Most segments do not intersect, or if they do,

only with a few other segments.

Need a faster algorithm that deals with such situations!

the sweeping algorithm
The Sweeping Algorithm

Avoid testing pairs of segments that are far apart.

Idea: imagine a vertical sweep line passes through the given

set of line segments, from left to right.

Sweep

line

assumption on non degeneracy
Assumption on Non-degeneracy

No segment is vertical. // the sweep line always hits a segment at

// a point.

If ≥ 1 vertical segment, imagine all segments are rotated

clockwise by a tiny angle and then test for intersection.

This means:

For each vertical segment, we will consider its lower endpoint

before upper point.

sweep line status
Sweep Line Status

The set of segments intersecting the sweep line.

It changes as the sweep line moves, but not continuously.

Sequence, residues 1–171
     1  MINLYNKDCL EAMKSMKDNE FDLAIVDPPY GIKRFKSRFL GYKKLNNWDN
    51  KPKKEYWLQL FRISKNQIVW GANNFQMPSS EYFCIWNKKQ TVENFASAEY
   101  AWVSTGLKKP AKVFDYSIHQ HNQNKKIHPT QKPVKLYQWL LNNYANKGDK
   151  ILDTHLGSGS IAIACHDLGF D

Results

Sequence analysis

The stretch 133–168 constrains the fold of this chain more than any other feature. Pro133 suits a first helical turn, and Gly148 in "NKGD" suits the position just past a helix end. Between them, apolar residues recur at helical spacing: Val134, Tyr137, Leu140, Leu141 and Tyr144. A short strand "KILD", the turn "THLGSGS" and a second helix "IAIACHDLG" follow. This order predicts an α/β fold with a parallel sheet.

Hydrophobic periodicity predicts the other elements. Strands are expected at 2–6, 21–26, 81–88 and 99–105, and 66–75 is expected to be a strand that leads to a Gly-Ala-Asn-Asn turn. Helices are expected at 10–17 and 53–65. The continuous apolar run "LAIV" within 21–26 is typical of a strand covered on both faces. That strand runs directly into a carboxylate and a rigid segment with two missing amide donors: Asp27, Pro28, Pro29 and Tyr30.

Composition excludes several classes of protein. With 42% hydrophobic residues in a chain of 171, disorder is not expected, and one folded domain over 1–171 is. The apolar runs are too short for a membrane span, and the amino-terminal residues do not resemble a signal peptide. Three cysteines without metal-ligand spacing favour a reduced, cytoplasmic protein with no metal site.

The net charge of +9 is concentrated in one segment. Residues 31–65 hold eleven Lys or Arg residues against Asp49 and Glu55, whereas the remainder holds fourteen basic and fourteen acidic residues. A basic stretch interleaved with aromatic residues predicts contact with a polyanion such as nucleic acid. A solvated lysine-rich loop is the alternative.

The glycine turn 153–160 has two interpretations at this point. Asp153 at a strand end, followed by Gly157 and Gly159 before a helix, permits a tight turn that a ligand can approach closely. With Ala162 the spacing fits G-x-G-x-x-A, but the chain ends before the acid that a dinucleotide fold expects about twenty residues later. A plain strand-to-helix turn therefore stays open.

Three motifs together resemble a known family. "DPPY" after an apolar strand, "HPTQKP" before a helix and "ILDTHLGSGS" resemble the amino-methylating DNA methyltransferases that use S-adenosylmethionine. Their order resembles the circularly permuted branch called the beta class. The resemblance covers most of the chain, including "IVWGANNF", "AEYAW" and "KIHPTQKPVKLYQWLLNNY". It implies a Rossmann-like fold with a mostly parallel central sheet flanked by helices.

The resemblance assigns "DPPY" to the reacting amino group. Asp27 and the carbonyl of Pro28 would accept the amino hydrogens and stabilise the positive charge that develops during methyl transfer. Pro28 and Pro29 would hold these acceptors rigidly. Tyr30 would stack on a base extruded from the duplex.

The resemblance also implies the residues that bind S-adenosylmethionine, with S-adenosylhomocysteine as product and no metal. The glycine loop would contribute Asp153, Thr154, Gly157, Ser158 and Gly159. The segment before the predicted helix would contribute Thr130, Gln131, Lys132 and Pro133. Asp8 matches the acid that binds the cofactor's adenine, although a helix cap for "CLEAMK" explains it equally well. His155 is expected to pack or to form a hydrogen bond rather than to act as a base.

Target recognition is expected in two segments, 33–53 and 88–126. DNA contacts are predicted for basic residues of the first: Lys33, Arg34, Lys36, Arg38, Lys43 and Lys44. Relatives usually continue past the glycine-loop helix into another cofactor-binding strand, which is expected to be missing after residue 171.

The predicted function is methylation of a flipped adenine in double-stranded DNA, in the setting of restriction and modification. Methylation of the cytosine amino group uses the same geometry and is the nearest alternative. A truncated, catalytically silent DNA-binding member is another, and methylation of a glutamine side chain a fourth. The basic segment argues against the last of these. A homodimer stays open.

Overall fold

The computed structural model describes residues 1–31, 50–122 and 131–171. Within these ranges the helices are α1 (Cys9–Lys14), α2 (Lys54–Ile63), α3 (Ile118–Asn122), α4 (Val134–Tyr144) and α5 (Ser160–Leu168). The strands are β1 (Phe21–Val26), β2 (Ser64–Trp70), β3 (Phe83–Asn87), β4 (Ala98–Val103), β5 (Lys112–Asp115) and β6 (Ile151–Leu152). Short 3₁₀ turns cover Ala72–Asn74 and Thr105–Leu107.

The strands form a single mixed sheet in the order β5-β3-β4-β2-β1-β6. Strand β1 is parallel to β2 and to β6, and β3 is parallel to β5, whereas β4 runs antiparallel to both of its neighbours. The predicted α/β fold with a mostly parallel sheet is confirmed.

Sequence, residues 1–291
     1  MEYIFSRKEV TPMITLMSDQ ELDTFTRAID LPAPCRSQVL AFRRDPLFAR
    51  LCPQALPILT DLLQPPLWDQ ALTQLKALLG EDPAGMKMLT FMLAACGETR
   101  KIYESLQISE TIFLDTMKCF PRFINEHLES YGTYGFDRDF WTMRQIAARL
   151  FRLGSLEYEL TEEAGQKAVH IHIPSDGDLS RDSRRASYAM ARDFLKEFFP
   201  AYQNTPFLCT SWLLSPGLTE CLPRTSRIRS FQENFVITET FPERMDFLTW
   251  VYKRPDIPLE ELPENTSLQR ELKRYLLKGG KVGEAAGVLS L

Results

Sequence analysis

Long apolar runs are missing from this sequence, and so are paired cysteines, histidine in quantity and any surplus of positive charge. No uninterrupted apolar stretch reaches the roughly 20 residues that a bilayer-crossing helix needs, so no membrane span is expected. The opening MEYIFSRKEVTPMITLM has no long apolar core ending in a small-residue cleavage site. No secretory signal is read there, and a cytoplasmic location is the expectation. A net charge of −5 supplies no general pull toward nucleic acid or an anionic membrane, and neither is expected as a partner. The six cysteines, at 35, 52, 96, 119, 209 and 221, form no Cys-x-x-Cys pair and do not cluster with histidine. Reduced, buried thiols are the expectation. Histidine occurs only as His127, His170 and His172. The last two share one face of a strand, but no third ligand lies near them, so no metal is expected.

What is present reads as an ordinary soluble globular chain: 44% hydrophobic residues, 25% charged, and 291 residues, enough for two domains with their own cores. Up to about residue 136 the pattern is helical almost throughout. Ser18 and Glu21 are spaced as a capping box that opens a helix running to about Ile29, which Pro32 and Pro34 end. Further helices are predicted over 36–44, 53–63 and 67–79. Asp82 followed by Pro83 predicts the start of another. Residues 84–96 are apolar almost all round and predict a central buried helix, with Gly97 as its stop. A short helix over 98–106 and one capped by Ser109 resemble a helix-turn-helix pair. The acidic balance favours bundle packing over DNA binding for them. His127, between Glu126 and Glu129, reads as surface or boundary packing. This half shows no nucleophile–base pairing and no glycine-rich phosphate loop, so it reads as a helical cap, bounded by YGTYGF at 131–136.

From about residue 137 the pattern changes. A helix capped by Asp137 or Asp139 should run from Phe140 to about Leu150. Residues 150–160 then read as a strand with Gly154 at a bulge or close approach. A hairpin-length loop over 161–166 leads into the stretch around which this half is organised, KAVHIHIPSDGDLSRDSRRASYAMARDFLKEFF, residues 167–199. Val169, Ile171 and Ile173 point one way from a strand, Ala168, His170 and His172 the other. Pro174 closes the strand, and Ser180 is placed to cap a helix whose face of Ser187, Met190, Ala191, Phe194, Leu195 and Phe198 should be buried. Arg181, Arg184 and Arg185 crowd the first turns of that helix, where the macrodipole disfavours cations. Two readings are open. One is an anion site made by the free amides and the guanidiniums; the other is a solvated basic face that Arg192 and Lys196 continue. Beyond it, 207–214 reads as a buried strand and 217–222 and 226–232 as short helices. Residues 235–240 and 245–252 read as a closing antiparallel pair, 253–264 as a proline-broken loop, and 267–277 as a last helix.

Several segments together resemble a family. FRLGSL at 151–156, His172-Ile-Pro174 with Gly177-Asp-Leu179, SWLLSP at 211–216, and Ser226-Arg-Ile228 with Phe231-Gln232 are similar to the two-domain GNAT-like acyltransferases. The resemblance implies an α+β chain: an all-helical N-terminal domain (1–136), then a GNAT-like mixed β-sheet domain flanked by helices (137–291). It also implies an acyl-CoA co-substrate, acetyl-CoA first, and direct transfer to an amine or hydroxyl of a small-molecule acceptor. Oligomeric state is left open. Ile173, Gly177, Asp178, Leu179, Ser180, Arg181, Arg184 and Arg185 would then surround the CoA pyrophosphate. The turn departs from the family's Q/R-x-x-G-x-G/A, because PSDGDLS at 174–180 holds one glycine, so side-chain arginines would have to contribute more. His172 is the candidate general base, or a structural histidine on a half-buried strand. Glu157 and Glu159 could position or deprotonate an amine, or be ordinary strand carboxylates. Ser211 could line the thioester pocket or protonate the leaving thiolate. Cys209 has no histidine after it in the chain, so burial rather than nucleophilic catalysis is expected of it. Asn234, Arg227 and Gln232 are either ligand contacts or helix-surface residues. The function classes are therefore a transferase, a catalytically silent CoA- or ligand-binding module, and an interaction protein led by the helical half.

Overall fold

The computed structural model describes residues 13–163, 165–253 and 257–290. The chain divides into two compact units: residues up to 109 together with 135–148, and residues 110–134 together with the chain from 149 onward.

endpoints

Updates of status happen only at event points.

intersections

A

G

C

T

event points

ordering segments
Ordering Segments

Atotal orderover the segments that intersect the current

position of the sweep line:

B > C > D

(A and E not in

the ordering)

B

A

E

C

C > D

(B drops out of

the ordering)

D

At an event point, the sequence of segments changes:

 Update the status.

 Detect the intersections.

status update 1
Status Update (1)

Event point is the left endpoint of a segment.

  • A new segment L intersecting

the sweep line

K

O

L

  • Check if L intersects with the

segment above (K) and the

segment below (M).

M

  • Intersection(s) are new event points.

N

new event

point

K, M, N

K, L, M, N

status update 2
Status Update (2)

Event point is an intersection.

  • The two intersecting segments

(L and M) change order.

K

O

L

  • Check intersection with new

neighbors (M with O and L with N).

M

  • Intersection(s) are new event points.

N

O, M, L, N

O, L, M, N

status update 3
Status Update (3)

Event point is a lower endpoint of a segment.

  • The two neighbors (O and L)

become adjacent.

K

O

L

  • Check if they (O and L) intersect.

M

  • Intersection is new event point.

N

O, M, L, N

O, L, N

correctness